Catalina Island
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December 14, 2017 - 8:51pm

Articles by Jim Watson

I have long wanted to a column on the fascinating story of Juana Maria, otherwise known as the “Lone Woman of San Nicolas Island,” and a bit of news last week has finally given me an excuse to do so.

Despite the fact that Scott O’Dell’s award-winning novel “The Island of the Blue Dolphins” has been required reading in many California schools for generations (and an excellent 1964 film), no doubt some of you are unfamiliar with the story.

Not that I feel constrained to limit ghost stories to certain, appropriate times of the year, but I have another little such tale I would like to “pass on” (pun intended) to you before we completely leave Halloween week.

You may recall an earlier column I wrote many moons ago titled “The Ghost in the Grumman Goose” wherein a Grumman Goose seaplane on its way to Catalina in 1947 with a plane full of happy passengers got lost in cloud cover near the Island.  

With Halloween just around the corner, it should be no surprise to anyone that, for this issue, “Mysterious Island” will turn to some of the Island’s most legendary ghost stories in none other than the legendary Avalon Casino.

Many of these stories revolve around the Mezzanine level between the downstairs theater and the upstairs ballroom, specifically the area around the women’s restroom on the building’s west side.

Slumbering beneath the serene waters of Cat Harbor on Catalina’s West End, sunk within the muds and shifting sands within the earthen confines of Ballast Point lie the remains of another chapter in Catalina’s maritime mysteries:  the wreck of the Chinese junk Ningpo.

If bulkheads could talk, these ship’s walls (or what’s left of them) could tell a harrowing tale of rebellion, warfare and assorted seafaring horrors.

By Jim Watson

We return you once again to the Mysteries of the Deep and another little gem I discovered while perusing vintage copies of the Catalina Islander. This one comes from the Jan. 14, 1925, edition of this very paper and involves a remarkable catch a fisherman made while surf fishing near Portuguese Bend in San Pedro.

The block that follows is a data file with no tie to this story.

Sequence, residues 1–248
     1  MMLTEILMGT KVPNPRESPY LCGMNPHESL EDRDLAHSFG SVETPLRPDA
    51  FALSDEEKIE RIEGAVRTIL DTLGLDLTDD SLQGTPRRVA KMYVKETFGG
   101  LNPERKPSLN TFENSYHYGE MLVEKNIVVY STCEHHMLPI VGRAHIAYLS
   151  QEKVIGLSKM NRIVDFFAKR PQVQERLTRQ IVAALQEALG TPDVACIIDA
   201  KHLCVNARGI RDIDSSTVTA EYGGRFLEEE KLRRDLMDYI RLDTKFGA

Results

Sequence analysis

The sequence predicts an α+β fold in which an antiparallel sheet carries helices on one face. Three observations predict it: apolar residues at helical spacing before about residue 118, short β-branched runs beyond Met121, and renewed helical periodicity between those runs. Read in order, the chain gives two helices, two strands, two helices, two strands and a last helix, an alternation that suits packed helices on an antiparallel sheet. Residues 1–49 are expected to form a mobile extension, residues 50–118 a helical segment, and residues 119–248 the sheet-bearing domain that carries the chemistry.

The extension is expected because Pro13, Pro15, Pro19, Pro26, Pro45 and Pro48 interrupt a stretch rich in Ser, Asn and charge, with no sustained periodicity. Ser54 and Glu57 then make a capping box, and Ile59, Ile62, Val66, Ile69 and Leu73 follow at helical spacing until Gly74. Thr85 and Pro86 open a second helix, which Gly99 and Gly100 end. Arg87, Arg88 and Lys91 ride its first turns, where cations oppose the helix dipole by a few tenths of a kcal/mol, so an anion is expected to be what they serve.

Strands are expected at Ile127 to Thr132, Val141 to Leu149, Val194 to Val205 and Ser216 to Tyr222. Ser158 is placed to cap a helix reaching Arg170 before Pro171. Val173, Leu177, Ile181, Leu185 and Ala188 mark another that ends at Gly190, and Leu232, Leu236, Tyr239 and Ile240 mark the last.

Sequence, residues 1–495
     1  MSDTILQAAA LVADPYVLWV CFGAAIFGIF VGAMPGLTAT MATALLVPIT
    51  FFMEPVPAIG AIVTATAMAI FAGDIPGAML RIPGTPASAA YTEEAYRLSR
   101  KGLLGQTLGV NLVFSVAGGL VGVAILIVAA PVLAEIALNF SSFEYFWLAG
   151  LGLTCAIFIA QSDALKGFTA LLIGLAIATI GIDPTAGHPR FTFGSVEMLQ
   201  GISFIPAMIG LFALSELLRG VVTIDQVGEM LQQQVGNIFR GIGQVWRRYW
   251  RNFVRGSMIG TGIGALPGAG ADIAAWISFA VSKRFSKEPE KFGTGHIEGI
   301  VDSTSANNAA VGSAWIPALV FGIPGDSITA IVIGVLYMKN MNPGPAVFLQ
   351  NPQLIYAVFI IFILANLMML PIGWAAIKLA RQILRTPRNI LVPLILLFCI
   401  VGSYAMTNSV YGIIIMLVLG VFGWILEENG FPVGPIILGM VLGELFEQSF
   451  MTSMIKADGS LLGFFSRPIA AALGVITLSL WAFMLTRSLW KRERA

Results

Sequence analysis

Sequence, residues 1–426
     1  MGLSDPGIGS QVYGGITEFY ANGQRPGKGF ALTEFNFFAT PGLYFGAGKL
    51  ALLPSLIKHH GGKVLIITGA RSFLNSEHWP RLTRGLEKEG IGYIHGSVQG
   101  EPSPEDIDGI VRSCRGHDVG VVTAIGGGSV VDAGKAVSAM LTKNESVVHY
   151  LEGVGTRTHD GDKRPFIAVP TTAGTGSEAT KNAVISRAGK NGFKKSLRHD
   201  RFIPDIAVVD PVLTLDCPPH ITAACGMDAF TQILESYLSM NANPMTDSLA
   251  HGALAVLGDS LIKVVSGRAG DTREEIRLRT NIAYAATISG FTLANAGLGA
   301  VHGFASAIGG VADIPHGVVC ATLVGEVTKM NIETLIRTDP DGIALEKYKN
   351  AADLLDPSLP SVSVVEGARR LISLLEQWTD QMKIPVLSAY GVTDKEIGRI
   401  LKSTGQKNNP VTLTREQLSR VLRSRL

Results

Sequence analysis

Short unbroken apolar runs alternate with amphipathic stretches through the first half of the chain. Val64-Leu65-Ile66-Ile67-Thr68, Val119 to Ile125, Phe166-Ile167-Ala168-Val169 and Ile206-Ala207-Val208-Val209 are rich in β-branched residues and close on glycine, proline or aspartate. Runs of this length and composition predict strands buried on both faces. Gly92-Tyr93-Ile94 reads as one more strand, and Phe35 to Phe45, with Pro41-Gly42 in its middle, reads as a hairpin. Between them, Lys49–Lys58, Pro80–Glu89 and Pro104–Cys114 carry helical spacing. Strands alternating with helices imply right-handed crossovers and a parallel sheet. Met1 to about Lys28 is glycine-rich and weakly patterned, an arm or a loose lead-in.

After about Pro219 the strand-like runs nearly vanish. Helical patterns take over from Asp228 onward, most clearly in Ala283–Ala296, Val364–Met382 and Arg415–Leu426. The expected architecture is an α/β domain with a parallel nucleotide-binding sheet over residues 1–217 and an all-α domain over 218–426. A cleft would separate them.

“Strange Sea Freak Has Alligator Head, Body of Swordfish, Web Feet” says the headline of the short news article all the way back on page 9 of that issue.

In case your high school Italian isn’t so good, or if your high school didn’t offer Italian, the title of this segment roughly translates to “The Haunted Restaurant.”

As you may have surmised, this particular restaurant is one of several Italian restaurants in Avalon and one of my favorites on the Island.
But aside from the delicious Scampi al Vino Bianco and the incredible Luna Piena di Pollo, the restaurant holds another fascination for me: it just happens to have some of Avalon’s most astounding ghost stories.

From our “Maritime Mysteries” department comes this week’s column on an age-old, head-scratching riddle that has dogged historians for decades.  I know that just this morning you, too, were wondering, “Where in the world was Spanish explorer Juan Rodriguez Cabrillo buried?”

For nearly a century, Catalina Island was poked and prodded by mining interests in the pursuit of a variety of earth’s metallic treasures, notably silver, lead and zinc and (to a far lesser extent) gold. The remnants of this once robust era are still out there in the hills and, as you will see if you keep prospecting deeper into this column, there is no shortage of mystery surrounding them.

This is the first of a three-part series on the mysterious system of natural caves and man-made mines on Catalina.

We all know and love the fresh air and rolling green hills of Catalina in the springtime; hills that fade to khaki beneath Monet skies in the summer.  But few people are aware that beneath this splendor, the Island is riddled with natural caves and the long-lost tunnels and forgotten mines of a bygone era when a significant portion of the Island’s revenue was gained by mineral operations.

Most regions of the country have, as part of their folklore, tales of “mysterious lights” that appear to lucky observers from time to time.

Known collectively as “ghost lights,” these phantasms are assigned paranormal causes by some, but written off by scientists as the spontaneous ignition of swamp gases or the atmospheric refraction of distant campfires, car headlights and even porch lights.